Davis told Truthout that in January 2007 he was phoned by Pentagon General Counsel William Jim Haynes who asked: “How quickly can you charge David Hicks?” The call was made a day after a meeting between US officials and the ambassador to Australia, during which the Hicks case and its impact on the Howard government’s re-election campaign was discussed. “I told Haynes two weeks,” Davis said. “He said ‘two weeks! Two weeks is too long’.”

The Truthout article contains damning information on the backroom negotiations between senior US Defence Department officials, Vice-President Dick Cheney and Australian officials. These allegations are verified, the online journal says, by secret US government documents now in its possession.

On February 24, 2007, Cheney met with Howard in Sydney where they discussed how Hicks could be charged under US law and repatriated to Australia.

According to Truthout: “After Cheney returned to the US from Sydney on February 25, 2007, he tasked his legal adviser, David Addington, with working with Haynes at the Pentagon and [Susan] Crawford, who had just been appointed convening authority, to quickly hammer out a deal for Hicks without Davis’ knowledge. Within a week of Cheney returning from Australia, Hicks was charged with providing material support for terrorism and attempted murder.”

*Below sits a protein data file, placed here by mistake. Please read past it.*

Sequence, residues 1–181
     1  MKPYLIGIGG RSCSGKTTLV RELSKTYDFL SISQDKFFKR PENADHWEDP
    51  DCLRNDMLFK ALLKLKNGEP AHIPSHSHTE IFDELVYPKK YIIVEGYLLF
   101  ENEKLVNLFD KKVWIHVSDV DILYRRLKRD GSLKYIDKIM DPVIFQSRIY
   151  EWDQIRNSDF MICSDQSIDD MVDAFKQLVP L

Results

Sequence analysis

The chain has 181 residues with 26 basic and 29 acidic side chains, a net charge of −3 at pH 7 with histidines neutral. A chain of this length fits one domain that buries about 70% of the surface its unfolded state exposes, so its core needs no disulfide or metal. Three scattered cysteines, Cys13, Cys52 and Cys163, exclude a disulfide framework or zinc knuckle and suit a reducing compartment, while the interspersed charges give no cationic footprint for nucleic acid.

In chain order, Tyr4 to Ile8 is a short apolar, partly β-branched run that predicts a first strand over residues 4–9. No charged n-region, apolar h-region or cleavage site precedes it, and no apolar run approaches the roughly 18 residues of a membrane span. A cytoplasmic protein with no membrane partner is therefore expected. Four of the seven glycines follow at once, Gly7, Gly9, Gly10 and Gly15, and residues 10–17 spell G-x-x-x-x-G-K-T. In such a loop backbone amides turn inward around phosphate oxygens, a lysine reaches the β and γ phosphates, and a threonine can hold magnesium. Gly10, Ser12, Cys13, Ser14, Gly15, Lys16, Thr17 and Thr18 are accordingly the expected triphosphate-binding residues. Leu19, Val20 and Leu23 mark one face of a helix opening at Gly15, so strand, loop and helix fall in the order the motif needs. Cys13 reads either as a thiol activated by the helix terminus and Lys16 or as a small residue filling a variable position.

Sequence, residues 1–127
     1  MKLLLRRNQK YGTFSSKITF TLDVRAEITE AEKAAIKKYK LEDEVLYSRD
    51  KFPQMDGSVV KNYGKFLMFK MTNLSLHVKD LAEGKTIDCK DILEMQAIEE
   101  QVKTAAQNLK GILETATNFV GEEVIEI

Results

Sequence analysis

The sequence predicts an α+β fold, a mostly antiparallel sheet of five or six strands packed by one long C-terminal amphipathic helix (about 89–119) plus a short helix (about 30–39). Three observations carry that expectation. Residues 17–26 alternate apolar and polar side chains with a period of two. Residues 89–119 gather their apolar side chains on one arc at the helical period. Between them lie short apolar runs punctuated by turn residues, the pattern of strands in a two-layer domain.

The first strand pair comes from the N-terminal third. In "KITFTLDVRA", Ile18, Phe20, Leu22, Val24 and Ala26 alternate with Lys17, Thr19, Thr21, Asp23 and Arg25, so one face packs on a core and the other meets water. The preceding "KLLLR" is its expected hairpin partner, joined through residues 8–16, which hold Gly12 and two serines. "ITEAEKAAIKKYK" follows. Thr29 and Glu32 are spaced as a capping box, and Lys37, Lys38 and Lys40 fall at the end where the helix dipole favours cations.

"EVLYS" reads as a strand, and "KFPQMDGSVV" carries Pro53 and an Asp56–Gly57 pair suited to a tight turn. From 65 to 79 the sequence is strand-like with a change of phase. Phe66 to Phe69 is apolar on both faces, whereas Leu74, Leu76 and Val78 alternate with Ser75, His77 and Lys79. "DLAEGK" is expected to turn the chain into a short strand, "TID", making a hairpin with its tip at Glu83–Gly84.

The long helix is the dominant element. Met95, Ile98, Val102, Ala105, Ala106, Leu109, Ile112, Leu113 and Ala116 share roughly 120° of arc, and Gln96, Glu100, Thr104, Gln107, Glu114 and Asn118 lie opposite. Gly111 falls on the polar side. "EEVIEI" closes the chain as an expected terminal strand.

Even though Davis was the chief prosecutor, he was not informed until the following month that the US Defense Department had organised a secret plea deal with Hicks and his lawyers. There was “no doubt in my mind,” Davis continued, that “this was an accommodation to help John Howard by making the David Hicks case go away. If there was an arraignment, then a trial would have likely been set for the fall [September 2007], about two months before Howard would have faced the voters.”

At the time, the Howard government was facing a landslide defeat in federal elections due by the end of 2007 over its treatment of Hicks, the ongoing Australian involvement in the wars in Iraq and Afghanistan, and other issues. The Guantánamo plea deal was an obvious “political fix” for Howard: Hicks would be repatriated to a South Australian high security prison and held for nine months until late December 2007, prevented from speaking to the media for a year after his Australian release and forced to observe onerous curfew restrictions and report to the police three times a week.


Davis’s revelations have been ignored by the Australian media. The Murdoch-owned Australian newspaper continues to slander Hicks and, by implication, the many people who fought to secure his release from Guantánamo. An August 5 editorial in the Australian denounced Hicks and declared that the “proceeds of crime” case was “a warning bell for those who want to wage jihad and then cash in on their notoriety.”


The Australian editorial, like the “literary proceeds” case itself, is another attempt to protect Washington as well as Howard and his senior ministers for the illegal detention of Hicks and to deflect attention from the horrific war crimes committed as part the US-led “war on terror.” Those responsible for the criminal invasions and ongoing occupations of Afghanistan and Iraq, and the ongoing detention of Guantánamo prisoners, should be the ones on trial, not Hicks.


The author also recommends:

Australian government moves to confiscate book royalties from former Guantánamo prisoner
[29 July 2011]

Guantanamo: My Journey—David Hicks exposes torture and government criminality
[19 May 2011]